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Scroogle resurrected once again

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Scroogle has once again returned from the dead, continuing to serve up its privacy-friendly Google search results after another programming tweak from founder Daniel Brandt.

Brandt and the not-for-profit Scroogle have been scraping Google search results since 2002, allowing netizens to use Mountain View's search engine without being tracked by the company. But in May, after Google removed an interface page where Brandt was scraping results, the service went offline. It returned a day later, as Brandt tapped a slightly different interface, only for this interface to vanish as well.

Originally, Brandt said he was unlikely to find another means of simply and reliably scraping Google, but he has now settled on a fix — though it's a bit more bloated than the old setup. "It's back up, and it looks like the old Scroogle to everyone. But I'm not a happy camper," he tells The Reg. "I finally spent two days reprogramming my parser in Scroogle...I do not like the extra bloat because the six dedicated servers I lease have monthly quotas for bandwidth."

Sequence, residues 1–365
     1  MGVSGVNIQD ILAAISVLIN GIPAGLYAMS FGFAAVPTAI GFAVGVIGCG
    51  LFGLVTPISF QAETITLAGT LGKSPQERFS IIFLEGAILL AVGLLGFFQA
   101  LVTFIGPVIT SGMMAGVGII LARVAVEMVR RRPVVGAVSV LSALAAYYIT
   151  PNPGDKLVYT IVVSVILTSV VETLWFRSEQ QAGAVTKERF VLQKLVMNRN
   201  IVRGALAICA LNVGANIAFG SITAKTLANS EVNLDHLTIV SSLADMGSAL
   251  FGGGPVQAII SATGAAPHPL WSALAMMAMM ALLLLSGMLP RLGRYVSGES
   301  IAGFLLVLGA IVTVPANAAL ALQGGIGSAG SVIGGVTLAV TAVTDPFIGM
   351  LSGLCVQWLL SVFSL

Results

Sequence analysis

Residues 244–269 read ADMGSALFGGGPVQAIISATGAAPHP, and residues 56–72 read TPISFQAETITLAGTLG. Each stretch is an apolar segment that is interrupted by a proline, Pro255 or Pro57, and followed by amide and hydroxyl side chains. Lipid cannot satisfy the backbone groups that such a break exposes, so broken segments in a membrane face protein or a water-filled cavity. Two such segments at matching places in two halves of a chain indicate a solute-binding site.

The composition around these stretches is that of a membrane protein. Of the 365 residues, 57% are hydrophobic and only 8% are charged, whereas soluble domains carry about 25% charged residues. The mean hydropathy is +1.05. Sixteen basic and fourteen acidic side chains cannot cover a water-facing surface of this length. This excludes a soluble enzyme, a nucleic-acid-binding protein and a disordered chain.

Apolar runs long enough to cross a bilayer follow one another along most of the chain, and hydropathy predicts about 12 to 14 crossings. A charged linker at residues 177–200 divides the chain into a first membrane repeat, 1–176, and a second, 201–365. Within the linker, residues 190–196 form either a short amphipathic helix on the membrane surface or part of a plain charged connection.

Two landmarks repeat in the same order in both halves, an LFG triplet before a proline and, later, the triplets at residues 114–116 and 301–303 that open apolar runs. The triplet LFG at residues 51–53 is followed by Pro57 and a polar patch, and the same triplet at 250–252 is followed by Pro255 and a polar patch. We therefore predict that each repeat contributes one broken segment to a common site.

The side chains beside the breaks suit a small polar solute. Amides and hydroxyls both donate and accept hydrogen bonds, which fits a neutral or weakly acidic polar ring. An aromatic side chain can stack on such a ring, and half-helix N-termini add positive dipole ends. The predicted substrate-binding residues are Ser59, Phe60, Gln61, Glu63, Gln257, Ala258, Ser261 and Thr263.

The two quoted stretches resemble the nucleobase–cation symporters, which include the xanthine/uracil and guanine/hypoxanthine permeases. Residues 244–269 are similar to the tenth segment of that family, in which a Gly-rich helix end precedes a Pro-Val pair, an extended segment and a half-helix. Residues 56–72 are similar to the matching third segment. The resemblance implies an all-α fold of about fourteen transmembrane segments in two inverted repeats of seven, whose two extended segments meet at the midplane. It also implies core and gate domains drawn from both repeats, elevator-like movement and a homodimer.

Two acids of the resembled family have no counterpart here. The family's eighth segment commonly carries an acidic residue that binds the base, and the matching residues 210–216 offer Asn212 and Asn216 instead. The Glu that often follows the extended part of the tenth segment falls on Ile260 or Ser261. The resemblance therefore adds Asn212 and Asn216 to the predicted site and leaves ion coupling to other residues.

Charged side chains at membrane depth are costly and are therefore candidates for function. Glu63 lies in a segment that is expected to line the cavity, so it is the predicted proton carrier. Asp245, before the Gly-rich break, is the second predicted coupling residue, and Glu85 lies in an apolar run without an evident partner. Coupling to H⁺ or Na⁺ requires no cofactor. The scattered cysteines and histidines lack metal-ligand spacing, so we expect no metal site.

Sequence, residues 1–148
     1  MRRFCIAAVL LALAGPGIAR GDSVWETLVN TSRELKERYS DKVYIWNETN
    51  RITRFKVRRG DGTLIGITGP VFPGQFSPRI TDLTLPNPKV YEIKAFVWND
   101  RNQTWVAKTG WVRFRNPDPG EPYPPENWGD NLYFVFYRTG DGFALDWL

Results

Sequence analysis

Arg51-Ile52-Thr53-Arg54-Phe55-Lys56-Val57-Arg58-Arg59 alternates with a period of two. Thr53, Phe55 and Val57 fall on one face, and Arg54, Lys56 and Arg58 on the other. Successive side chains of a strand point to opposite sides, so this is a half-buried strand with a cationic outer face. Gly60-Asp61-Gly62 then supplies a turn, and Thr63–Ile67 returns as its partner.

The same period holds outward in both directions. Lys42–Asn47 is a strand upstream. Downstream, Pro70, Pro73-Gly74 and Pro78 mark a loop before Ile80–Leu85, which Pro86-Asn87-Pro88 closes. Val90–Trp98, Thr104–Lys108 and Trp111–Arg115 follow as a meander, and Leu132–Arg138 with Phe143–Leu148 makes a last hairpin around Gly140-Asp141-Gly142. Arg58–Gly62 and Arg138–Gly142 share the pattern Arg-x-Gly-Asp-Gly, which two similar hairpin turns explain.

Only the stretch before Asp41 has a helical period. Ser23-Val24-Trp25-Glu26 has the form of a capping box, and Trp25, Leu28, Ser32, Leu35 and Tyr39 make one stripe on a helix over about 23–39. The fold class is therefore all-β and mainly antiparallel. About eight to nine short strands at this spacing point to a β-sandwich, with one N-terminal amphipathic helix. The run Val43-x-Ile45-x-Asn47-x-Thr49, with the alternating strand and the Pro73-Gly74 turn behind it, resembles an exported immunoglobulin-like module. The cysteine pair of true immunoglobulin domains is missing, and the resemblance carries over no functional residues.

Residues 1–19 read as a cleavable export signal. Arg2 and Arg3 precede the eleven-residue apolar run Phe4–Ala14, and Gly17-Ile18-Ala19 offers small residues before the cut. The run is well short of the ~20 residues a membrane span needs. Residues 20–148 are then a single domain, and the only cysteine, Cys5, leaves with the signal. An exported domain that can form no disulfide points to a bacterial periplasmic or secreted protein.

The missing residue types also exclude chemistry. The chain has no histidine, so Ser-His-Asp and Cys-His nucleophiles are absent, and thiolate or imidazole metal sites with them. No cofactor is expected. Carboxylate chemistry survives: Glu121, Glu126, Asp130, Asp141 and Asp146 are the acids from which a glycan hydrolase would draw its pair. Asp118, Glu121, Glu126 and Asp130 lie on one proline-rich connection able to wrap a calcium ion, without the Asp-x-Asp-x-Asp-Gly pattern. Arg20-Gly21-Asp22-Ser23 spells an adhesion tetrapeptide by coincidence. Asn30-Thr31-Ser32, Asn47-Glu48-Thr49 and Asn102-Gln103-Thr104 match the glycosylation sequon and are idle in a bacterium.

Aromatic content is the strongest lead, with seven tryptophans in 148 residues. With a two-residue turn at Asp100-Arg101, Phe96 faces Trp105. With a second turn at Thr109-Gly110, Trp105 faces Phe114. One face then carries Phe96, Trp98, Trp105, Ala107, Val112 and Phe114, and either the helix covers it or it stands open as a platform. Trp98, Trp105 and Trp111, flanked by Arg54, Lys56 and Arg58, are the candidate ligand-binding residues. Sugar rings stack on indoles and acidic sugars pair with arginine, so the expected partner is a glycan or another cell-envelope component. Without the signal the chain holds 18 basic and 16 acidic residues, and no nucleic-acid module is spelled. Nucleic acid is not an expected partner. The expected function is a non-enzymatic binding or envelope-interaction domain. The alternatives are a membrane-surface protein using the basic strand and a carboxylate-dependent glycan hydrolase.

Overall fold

Scroogle is run entirely with donations. You can support the cause here.

The service originally scraped results from an interface at google.com/ie, which Google built for use inside the sidebar offered by Internet Explorer 6. If you installed the Google Toolbar with IE6 and chose Google as the default search engine, google.com/ie would provide search results in the window that popped up on the side of the browser. These results had to be simple because the sidebar was small.

But as Google phased out all sorts of support for IE6, it did away with this interface. After google.com/ie went offline in May, Brandt was able to replicate his setup via another page — google.com/search — by adding an IE parameter ("&output=ie") to the url. But last week, this disappeared as well.

At Google's annual developer conference in May, über-Googler Matt Cutts indicated that Google was not specifically targeting Scroogle when it removed the google.com/ie interface. And it would appear that the same applies to the "&output=ie" interface.

In any event, Brandt has now switched to another method that still provides 100 results per page, does not include Google's "Universal" search results, and sidesteps Google's ads. "A Scroogle user discovered how to get generic results, without ads, and 100 at a time. It was a completely different format than the &output=ie interface, but at least it was merely three times more bloated," Brandt says. ®

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